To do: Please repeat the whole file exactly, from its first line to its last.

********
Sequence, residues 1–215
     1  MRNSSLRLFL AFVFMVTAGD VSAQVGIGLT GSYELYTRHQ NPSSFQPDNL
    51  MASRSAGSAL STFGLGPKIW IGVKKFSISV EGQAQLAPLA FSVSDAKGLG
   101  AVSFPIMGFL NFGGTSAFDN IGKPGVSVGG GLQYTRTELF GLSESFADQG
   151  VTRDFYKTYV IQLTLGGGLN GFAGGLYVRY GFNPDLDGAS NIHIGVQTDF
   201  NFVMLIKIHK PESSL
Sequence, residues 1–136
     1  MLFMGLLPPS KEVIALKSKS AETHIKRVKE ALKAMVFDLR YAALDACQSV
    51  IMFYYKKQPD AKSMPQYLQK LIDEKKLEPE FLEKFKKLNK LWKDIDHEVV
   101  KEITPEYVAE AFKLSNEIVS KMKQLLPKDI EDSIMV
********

Sequence, residues 1–215
     1  MRNSSLRLFL AFVFMVTAGD VSAQVGIGLT GSYELYTRHQ NPSSFQPDNL
    51  MASRSAGSAL STFGLGPKIW IGVKKFSISV EGQAQLAPLA FSVSDAKGLG
   101  AVSFPIMGFL NFGGTSAFDN IGKPGVSVGG GLQYTRTELF GLSESFADQG
   151  VTRDFYKTYV IQLTLGGGLN GFAGGLYVRY GFNPDLDGAS NIHIGVQTDF
   201  NFVMLIKIHK PESSL
Sequence, residues 1–136
     1  MLFMGLLPPS KEVIALKSKS AETHIKRVKE ALKAMVFDLR YAALDACQSV
    51  IMFYYKKQPD AKSMPQYLQK LIDEKKLEPE FLEKFKKLNK LWKDIDHEVV
   101  KEITPEYVAE AFKLSNEIVS KMKQLLPKDI EDSIMV